Many types of pelvic osteotomies have been described.1 Single, double, triple, and various periacetabular osteotomies improve mechanics about the hip joint. Each technique has advantages and disadvantages. The Bernese periacetabular osteotomy developed by Ganz and others3 in the early 1980s is currently the acetabular procedure of choice in many centers (Table 56-1). It has many advantages: It can be done through one incision through a series of straight, reproducible, extra-articular osteotomies. It allows for large corrections in all necessary directions. The osteotomy is inherently stable because the posterior column of the hemipelvis remains intact, and the orthogonal cuts render some stability to the fragment once it has been mobilized. In addition, minimal internal fixation is required. No casting or bracing is needed, and early ambulation is possible. The vascularity of the acetabular fragment via the inferior gluteal artery is preserved, and an arthrotomy can be done without further risk of devascularization of the osteotomized fragment. The shape of the true pelvis is not markedly changed, allowing women who become pregnant after the procedure to have a vaginal delivery. Furthermore, the procedure can be done without taking down the abductors, which facilitates a relatively rapid recovery (Fig. 56-1).4–11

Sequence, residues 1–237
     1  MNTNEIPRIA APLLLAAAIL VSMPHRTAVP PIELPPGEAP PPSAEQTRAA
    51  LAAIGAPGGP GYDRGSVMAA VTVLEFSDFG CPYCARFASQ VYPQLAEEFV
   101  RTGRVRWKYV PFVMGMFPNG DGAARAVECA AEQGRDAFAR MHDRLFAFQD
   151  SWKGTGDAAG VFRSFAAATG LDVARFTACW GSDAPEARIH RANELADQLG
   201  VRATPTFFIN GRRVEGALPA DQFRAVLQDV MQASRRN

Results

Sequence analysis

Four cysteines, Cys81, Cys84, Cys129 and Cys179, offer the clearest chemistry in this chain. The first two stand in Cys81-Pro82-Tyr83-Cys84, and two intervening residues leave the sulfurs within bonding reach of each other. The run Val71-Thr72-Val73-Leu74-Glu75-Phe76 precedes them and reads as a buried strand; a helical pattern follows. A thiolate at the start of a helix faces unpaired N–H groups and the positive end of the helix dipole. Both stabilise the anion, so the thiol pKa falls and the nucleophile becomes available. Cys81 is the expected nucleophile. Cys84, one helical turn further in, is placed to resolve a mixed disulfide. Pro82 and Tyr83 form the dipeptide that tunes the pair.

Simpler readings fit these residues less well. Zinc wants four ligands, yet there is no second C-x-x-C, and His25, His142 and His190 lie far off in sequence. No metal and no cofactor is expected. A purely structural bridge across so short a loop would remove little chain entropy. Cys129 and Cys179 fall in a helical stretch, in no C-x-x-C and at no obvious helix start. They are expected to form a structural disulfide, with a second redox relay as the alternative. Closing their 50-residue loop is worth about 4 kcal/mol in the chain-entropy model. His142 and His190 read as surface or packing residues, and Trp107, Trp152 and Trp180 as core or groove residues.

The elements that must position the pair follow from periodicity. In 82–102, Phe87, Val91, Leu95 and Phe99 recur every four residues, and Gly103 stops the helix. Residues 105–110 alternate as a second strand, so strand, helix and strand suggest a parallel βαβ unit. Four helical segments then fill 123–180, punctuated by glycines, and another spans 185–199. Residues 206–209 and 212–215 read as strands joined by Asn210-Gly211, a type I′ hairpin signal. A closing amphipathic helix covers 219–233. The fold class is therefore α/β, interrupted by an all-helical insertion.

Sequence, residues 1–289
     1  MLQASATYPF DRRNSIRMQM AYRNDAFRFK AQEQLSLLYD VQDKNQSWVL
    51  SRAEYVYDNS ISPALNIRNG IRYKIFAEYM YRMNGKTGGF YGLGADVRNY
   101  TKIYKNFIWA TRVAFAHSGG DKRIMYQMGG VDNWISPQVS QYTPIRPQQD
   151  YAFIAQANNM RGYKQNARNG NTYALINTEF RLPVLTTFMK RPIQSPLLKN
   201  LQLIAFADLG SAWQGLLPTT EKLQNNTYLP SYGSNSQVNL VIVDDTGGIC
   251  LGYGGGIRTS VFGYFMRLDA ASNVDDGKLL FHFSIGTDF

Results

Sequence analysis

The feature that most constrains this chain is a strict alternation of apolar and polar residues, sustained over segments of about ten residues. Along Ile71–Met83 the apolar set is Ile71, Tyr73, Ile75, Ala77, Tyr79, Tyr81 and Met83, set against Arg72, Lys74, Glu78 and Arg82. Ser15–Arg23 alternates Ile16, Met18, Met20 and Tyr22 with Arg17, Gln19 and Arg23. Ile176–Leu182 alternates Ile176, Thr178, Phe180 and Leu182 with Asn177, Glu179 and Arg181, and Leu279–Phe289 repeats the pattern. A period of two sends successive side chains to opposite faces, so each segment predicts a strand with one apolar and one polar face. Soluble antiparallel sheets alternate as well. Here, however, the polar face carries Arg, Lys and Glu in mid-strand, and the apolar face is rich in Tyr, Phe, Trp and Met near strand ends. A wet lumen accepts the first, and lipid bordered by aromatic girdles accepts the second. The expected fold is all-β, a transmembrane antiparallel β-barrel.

Results of Periacetabular Osteotomy for Dysplastic Hips
G/E, Good/excellent; NR, not reported; OA, osteoarthritis; postop, postoperatively; preop, preoperatively; ROM, range of motion; THR, total hip replacement; WOMAC, Western Ontario and McMaster University Osteoarthritis Index.
Figure 56-1 The location of bone cuts for a Bernese periacetabular osteotomy.
Reorientation pelvic osteotomy may be offered to young patients with symptomatic hip dysplasia without excessive proximal migration of the hip center of rotation and with no more than mild to moderate degenerative changes of the articular surface. Because most of the structural abnormality is located on the acetabular side of the joint, correction is best attained with a pelvic osteotomy.12,18 Joint congruity also is important. Having a relatively round acetabulum that matches a relatively round femoral head probably produces a more reliable and durable outcome. Examination of the hip under fluoroscopy and functional radiographs can be helpful in ensuring that reasonable joint congruity is present. The extent of acceptable secondary arthrosis or incongruity depends in part on the patient’s age and expectations, and on potential future demands that will be placed on the hip joint.13 A Chiari osteotomy, a shelf osteotomy, and arthroplasty are reasonable options when congruity or arthrosis makes the success of a reconstructive osteotomy unlikely.